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Publication numberUS3972098 A
Publication typeGrant
Application numberUS 05/400,712
Publication dateAug 3, 1976
Filing dateSep 26, 1973
Priority dateSep 8, 1972
Also published asCA997076A1, DE2342943A1, US3807800
Publication number05400712, 400712, US 3972098 A, US 3972098A, US-A-3972098, US3972098 A, US3972098A
InventorsAndrew I. Morrison, Bruce R. Hannah
Original AssigneeKnoll International, Inc.
Export CitationBiBTeX, EndNote, RefMan
External Links: USPTO, USPTO Assignment, Espacenet
Method of producing an upholstered item of furniture
US 3972098 A
An method item of furniture in which tufting buttons have both a decorative tufting effect and serve to attach a padding to a frame. The tufting buttons have internally threaded shank portions, and screws are threaded into such shank portions to secure the padding to a frame. A cushion assembly is provided by forming ridges on the shank portions of the tufting buttons and utilizing washer-type fasteners that are attached to the shank portions to hold the tufting buttons in place.
A methods of producing an upholstered item of furniture that utilizes a flexible plate which is substantially flat in the non-flexed state and which is flexed to and held in a desired curvature in the completed item of furniture. The plate is upholstered in the substantially flat, non-flexed state. Thereafter the upholstered plate is flexed to a desired curvature and secured in its flexed state.
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What is claimed is:
1. A method of producing an upholstered item of furniture comprising completely upholstering a stiffly flexible substantially flat plate while said plate is in its substantially flat and non-flexed state, flexing the completely upholstered plate to a desired and final curvature, and securing the completely upholstered plate in its flexed state of desired and final curvature to complete the item of furniture without further upholstering so that all upholstering is completed while said plate is substantially flat.
2. A method according to claim 1, in which the upholstered plate is secured in the flexed state to a frame through the use of buttons which serve to create tufting in the upholstery.

This is a division of application Ser. No. 287,234 filed Sept. 8, 1972.


This invention relates to upholstered items of furniture. The invention involves the use of a tufting button which has both a decorative effect and which serves to hold padding to a frame.

The invention also involves a method of producing an upholstered item of furniture in which the upholstering is easily accomplished through the use of a flat plate which is flexed to a desired curvature following the upholstering.

In the fabrication of furniture, it is desirable to have the assembly of such furniture as simple as possible. To this end, the present invention utilizes a tufting button which provides not only the usual decorative tufting effect but which also serves to hold padding onto a frame. Desirably, such tufting buttons serve as the sole means of attachment of the padding to the frame. Furthermore, an upholstery method is employed which utilizes a flexible plate which is substantially flat in the non-flexed state and which is flexed to and held in a desired curvature in the completed item of furniture. The substantially flat, non-flexed plate is upholstered, which is easily accomplished because of the flatness of the plate. Following upholstering, the plate is then flexed to the desired curvature and secured in the flexed state. The tufting buttons just referred to may serve to secure the upholstered plate in the flexed state to a frame, creating a tufting in the upholstery.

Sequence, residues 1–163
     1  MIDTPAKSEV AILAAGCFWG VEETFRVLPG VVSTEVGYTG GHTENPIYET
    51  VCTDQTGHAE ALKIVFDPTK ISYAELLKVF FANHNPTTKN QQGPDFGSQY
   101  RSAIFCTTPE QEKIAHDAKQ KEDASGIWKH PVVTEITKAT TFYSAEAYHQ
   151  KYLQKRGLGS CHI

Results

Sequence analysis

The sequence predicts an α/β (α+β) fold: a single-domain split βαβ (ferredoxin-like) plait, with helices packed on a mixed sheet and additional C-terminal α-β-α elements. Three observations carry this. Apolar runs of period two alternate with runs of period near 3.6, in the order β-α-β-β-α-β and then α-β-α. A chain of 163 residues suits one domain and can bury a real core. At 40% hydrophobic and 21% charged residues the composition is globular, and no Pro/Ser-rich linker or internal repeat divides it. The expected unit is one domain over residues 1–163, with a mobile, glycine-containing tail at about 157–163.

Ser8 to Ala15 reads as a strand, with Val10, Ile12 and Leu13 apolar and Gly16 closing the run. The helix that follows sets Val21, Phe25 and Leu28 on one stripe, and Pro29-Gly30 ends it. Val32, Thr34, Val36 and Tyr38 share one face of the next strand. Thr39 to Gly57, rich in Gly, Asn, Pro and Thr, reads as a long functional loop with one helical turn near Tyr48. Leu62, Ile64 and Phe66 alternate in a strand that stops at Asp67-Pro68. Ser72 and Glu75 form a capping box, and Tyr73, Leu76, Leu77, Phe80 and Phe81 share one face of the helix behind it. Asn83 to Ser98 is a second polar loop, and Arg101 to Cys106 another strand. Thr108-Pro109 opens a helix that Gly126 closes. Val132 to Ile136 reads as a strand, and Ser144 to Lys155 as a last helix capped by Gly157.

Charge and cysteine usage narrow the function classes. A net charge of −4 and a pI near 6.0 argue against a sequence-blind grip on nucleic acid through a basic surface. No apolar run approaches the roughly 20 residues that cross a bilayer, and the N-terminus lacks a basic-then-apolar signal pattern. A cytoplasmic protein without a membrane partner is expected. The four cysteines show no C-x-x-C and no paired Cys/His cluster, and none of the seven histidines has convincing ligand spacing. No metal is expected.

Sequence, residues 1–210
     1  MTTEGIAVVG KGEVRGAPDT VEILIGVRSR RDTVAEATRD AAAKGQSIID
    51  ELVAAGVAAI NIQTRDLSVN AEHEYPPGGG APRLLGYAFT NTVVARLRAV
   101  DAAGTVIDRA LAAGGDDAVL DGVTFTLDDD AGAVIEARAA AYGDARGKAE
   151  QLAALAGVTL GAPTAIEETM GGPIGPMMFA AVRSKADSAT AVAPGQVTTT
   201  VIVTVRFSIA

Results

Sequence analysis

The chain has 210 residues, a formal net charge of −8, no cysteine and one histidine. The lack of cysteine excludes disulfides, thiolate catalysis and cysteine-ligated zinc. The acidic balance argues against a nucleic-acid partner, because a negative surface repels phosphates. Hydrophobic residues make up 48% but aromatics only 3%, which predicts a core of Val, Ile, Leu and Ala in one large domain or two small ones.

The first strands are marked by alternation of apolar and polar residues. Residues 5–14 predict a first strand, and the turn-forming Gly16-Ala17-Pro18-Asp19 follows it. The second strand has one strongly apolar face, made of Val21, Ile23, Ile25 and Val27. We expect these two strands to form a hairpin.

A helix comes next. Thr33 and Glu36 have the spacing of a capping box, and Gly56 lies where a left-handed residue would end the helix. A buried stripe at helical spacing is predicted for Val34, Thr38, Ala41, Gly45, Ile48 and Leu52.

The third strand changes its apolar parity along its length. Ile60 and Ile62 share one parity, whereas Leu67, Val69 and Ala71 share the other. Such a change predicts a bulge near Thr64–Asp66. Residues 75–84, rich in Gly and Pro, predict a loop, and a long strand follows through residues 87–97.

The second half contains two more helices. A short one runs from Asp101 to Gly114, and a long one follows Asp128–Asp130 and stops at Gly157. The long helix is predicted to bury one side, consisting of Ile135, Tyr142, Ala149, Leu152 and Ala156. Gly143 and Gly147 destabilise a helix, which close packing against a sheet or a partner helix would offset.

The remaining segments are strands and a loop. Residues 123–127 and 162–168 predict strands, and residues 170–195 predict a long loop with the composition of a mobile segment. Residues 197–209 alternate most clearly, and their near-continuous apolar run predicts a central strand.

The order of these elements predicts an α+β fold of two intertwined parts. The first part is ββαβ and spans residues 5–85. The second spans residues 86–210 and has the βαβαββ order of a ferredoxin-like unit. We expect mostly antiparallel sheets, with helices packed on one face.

Representative prior art patents are as follows:

U.S. Pat. No.     Inventor          Issue Date______________________________________2,541,835 E. Saarinen       Feb. 13, 19512,940,511 E. S. Gomes       June 14, 19602,993,733 J. P. Pinkham     July 25, 19613,009,740 G. Nelson, et al. Nov. 21, 19613,014,762 A. Mauser         Dec. 26, 19613,069,204 I. K. Vesterholt, et al.                       Dec. 18, 19623,121,588 R. Beckman, et al.                       Feb. 18, 19643,127,201 H. Granlund       March 31, 19643,206,251 J. G. Stevens     Sept. 14, 19653,233,253 A. Cauvin         Feb. 8, 19663,266,065 S. Bereday        Aug. 16, 19663,285,660 R. Beckman, et al.                       Nov. 15, 19663,295,890 P. N. G. Murdoch  Jan. 3, 19673,523,710 C. J. Barecki, et al.                       Aug. 11, 1970Re. 27,336     S. Bereday        Apr. 11, 1972Belgium Patent No. 545,957 (1956)______________________________________

The invention will be more completely understood by reference to the following detailed description, to be read in conjunction with the appended drawing.


FIGS. 1 and 2 are perspective views of a chair embodying the invention.

FIG. 3 is a sectional view to an enlarged scale, of the chair shown in FIG. 1, taken along the section 3--3 in FIG. 1.

FIG. 4 is a sectional view similar to that of FIG. 3 showing the details of the forming of a cushion assembly.

FIGS. 5 to 7 illustrate an upholstery method in accordance with the invention.


Referring to FIGS. 1 and 2, a chair is shown embodying the invention. The chair includes a back rest portion 12 and seat portion 14. The back rest and seat portions are secured to a frame 16 as will be described in more detail below. The frame 16 includes a back rest support section 16a and a seat support section 16b. Attached to the seat support section 16b is a conventional pedestal assembly 18.